China may stop buying US Treasury bonds

Janus Henderson's Bill Gross

Janus Henderson's Bill Gross

X Ten-year USA yields flirted with the highest levels since 2014 Wednesday as longtime pillars of support for the world's biggest bond market showed signs of eroding, raising the specter of even deeper losses.

Some investors said that the market could take the China news in its stride considering the nation's net purchases of Treasuries have already slowed "significantly".

Bloomberg, citing unidentified sources, reported Chinese authorities were considering slowing or halting purchases of Treasuries and said they might cite trade tensions as a reason. "We have said many times in the past that these auctions are viewed as liquidity opportunities and today is no different", said Thomas Simons, senior money market economist at Jefferies.

Beijing keeps a big share of its $3.1 trillion in foreign currency reserves in US Treasury debt, which is considered safe and easy to trade.

And while 2018 has brought some telegraphed risks into sharper focus, nothing has rocked the foundation of the $14.5 trillion Treasuries market, said Aaron Kohli, an interest-rate strategist at BMO Capital Markets in NY. "It's challenging to find any real substantial alternatives", with China earning dollars - the flip side of the US current account deficit.

Market sentiment seems tilted toward the dollar's downside, said Masashi Murata, currency strategist for Brown Brothers Harriman in Tokyo. "I don't think that's worked out so poorly for the U.S".

The report also notes that Chinese officials think US debt is becoming less attractive compared with other assets, adding that trade tensions between the two countries could provide a reason to slow down or halt the purchases.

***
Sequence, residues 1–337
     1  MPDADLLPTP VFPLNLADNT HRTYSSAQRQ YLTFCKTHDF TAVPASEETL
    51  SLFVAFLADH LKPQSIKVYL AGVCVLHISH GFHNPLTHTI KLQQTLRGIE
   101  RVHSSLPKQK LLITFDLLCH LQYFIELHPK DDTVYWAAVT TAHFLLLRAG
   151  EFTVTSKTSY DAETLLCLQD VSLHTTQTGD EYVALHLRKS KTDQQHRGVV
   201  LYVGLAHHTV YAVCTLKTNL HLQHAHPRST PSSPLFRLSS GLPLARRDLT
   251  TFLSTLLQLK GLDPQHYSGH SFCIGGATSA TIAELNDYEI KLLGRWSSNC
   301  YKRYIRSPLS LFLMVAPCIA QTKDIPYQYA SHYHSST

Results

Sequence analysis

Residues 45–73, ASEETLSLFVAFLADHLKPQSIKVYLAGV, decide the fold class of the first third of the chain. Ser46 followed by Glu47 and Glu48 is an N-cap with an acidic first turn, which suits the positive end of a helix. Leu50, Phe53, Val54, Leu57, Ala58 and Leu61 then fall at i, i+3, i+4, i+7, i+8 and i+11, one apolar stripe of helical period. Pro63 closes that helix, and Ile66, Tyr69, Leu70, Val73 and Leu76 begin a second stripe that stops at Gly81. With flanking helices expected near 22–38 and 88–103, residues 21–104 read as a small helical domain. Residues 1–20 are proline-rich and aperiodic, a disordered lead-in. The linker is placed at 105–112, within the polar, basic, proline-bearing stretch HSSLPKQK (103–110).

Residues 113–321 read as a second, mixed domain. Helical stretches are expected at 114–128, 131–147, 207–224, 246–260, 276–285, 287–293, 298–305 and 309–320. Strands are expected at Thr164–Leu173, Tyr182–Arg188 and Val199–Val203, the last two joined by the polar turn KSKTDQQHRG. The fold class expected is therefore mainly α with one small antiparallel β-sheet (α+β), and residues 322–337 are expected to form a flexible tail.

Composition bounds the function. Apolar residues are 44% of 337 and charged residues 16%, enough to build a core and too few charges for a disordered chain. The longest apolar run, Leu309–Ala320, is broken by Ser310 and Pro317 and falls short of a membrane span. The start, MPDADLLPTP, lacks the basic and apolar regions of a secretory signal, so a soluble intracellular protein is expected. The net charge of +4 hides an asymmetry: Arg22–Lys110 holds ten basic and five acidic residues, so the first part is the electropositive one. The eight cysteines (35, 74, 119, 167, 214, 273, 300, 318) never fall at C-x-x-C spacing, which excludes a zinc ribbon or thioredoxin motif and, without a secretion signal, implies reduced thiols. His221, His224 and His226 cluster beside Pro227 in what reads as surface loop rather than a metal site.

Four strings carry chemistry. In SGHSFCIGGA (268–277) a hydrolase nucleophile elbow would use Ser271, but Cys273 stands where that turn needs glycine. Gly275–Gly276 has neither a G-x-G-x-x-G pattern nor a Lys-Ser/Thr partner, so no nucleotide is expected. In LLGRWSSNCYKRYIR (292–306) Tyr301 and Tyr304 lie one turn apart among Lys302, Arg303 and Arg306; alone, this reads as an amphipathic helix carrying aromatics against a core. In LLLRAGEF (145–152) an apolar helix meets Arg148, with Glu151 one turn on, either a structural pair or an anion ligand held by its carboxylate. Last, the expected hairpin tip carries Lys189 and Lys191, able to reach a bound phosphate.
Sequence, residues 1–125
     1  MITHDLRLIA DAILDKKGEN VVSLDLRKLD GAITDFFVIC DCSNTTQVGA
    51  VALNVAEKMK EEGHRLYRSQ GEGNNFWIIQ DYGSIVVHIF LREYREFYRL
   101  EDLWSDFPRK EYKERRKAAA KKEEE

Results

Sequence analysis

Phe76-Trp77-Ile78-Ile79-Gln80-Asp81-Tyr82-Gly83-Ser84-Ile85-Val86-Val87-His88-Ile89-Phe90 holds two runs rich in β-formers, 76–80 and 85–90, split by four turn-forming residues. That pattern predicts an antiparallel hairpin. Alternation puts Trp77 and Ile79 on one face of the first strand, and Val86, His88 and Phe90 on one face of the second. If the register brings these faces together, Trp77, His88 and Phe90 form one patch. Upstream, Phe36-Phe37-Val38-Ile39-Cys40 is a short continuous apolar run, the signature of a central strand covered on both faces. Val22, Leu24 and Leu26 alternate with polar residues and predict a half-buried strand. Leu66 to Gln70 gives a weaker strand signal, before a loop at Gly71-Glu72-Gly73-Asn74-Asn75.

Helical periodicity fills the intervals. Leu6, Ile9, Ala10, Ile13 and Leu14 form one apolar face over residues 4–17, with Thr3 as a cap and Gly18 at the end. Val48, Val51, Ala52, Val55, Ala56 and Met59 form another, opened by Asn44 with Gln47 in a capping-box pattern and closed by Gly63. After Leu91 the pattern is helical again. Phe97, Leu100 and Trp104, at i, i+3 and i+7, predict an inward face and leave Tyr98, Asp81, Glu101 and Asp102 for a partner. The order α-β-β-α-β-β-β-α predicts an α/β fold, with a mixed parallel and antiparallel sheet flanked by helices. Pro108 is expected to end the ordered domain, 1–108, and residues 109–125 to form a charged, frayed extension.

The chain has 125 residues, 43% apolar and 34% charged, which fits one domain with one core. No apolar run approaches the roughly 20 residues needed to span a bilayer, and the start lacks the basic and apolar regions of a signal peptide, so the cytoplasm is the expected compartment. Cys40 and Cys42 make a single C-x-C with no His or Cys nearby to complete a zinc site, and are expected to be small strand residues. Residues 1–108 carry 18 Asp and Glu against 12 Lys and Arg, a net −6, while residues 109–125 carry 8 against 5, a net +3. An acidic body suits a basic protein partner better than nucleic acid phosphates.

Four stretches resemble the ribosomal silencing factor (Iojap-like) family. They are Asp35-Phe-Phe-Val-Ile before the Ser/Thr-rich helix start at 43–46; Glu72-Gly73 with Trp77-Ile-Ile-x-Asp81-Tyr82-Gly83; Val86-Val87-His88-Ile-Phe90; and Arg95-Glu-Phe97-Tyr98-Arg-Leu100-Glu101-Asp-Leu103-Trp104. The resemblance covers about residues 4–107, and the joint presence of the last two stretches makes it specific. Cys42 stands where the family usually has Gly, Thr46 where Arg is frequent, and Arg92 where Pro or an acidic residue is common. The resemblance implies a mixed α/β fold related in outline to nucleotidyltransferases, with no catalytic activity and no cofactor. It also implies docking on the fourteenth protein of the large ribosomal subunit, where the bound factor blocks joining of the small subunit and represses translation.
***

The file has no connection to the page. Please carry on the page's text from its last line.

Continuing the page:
Bloomberg News estimates that the Chinese state now holds around $1.2 trillion in U.S. debt, an amount that has doubled over the last 10 years.

The strategists question the reliability of the report because, if China really were about to stop buying US Treasuries and chose to telegraph it beforehand, then it would hurt itself by driving down the value of the bonds already held on the PBOC's balance sheet. The session high for the global benchmark was US$69.37, highest since May 2015.

Australian 10-year bonds rose 2.1 points to 2.74 per cent.

Yields rise when bond prices fall.

Some market experts speculate that China might want to send a message to President Trump over trade.

But any attempts to use that power could hurt the dollar, damaging China's own United States holdings. Earlier in the day, he told Bloomberg News that the unconstrained fund is short the bond market.

The rising yields led Bill Gross of Janus Henderson, whose renown as a bond investor came to define the multidecade bull market for fixed-income securities, to pronounce the start of a bear market for bonds, although he said on Wednesday that he did not foresee drastic losses.